To maintain a strong, motivated workforce, it is important to formulate a staff development policy.  Some aspects that would be worth including are listed below:

  • A high priority should be the regular supervision of every member of staff by a senior worker, coordinator or an outside consultant. Supervision assists staff in maintaining the boundaries between their work and personal lives and provides a useful means of gaining other perspectives on the issues and challenges they face.
  • Training workshops, conferences and seminars are also a useful means of maintaining the skills of workers, providing new ideas and enabling workers to acquire a fresh perspective. Formal studies in areas related to an employee’s work are also useful in developing skills. If staff wish to undertake part-time studies the management committee should regard these requests with sensitivity and flexibility, as such studies may be valuable to the future effectiveness of your organisation.
  • Performance appraisals provide workers with the opportunity to check that they are meeting the requirements of their position. If the management committee is not skilled in performance appraisal, it should use its networks to seek out support.

Regular worker assessments provide an opportunity for workers to assess their work in terms of their organisation's overall plan. They also allow managers to monitor the progress of employees, identify any problems, and make any required changes. As a result of this process, a worker's job description may need to be rewritten, a change made to their current work tasks, or an adjustment made to their salary (although legal advice should be sought before revising an employee’s salary downwards as this may amount to dismissal of the employee). Results of these appraisals and assessments should be reported to the management committee.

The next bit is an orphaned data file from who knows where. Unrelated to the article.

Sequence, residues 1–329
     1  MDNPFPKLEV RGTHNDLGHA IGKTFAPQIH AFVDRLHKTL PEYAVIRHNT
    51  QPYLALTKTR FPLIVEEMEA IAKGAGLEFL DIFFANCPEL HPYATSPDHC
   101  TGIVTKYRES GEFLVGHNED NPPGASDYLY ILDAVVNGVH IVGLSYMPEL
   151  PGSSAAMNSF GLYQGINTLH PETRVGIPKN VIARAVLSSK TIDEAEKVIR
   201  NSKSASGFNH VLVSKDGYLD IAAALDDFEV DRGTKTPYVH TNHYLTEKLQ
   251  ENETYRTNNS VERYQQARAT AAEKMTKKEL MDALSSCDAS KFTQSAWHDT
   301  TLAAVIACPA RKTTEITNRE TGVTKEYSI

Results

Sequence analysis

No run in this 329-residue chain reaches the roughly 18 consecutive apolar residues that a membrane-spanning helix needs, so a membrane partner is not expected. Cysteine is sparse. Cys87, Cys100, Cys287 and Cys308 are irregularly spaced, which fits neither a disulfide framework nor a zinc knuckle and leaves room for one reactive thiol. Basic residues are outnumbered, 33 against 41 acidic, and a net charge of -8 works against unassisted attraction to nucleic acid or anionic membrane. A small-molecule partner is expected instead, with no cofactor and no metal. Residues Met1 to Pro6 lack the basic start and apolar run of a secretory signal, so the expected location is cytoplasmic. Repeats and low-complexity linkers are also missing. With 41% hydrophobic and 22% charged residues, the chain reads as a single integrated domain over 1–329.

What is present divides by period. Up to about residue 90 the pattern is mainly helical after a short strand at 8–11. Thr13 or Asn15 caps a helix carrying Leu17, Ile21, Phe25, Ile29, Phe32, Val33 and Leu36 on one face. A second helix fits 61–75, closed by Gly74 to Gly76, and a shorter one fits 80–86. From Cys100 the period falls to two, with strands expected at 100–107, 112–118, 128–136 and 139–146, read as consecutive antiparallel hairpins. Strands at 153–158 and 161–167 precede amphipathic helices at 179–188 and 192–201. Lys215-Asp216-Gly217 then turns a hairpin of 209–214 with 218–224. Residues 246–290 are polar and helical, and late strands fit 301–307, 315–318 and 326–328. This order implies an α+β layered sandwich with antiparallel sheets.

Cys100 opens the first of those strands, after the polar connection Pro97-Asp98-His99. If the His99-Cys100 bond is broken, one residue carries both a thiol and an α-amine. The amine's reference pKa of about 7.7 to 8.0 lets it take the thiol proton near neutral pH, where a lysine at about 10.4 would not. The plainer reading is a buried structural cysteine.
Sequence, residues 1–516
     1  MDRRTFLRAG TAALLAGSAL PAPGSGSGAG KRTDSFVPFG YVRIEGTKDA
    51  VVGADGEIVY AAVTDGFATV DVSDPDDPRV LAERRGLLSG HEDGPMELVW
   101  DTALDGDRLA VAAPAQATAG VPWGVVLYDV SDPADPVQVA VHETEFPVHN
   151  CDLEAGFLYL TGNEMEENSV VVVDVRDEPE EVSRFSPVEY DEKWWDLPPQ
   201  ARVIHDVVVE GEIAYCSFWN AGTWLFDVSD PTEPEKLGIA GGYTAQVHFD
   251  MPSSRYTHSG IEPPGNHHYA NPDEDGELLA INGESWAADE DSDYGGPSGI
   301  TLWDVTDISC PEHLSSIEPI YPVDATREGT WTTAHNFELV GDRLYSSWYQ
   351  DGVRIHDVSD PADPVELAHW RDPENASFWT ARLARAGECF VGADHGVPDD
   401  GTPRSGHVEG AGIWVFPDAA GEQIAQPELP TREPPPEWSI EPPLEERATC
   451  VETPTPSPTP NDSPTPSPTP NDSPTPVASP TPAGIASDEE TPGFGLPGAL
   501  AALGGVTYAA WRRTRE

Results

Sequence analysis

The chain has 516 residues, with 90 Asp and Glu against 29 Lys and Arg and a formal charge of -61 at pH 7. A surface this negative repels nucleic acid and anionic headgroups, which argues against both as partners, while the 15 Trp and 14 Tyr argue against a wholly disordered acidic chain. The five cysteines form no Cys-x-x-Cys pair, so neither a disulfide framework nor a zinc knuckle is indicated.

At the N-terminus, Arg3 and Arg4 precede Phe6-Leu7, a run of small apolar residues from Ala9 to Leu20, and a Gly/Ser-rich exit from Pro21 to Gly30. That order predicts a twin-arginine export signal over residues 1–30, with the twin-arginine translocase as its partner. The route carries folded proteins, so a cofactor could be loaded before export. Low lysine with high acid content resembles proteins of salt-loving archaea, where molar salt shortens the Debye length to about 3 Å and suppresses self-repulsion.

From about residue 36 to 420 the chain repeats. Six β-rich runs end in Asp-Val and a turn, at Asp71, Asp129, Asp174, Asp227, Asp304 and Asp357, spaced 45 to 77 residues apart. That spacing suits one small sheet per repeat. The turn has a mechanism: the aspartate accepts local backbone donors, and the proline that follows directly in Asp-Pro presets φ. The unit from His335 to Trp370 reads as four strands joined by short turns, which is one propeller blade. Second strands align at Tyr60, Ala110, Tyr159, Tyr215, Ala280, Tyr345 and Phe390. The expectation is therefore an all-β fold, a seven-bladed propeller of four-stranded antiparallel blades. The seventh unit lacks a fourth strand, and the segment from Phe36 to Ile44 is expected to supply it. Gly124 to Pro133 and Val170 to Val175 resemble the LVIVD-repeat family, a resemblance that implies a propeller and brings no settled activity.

Accountability between the Management Committee and Employees

Some of the things to consider in relation to accountability between employees and management committees are:

  • Accepting responsibility for negotiating acceptable work conditions, including job descriptions, employment contracts, good worker selection processes, grievance procedures and methods of dealing with complaints and disputes.
  • Committees developing clear written policies, sound staff management practices and being supportive and accessible to staff. Staff should be prepared to contribute to this process both initially and then in an ongoing developmental way to ensure that good practices continue.

Employees are accountable to the organisation to perform the job they were employed to do. They stay accountable by participating in performance assessments and regular whole-of-service evaluations.

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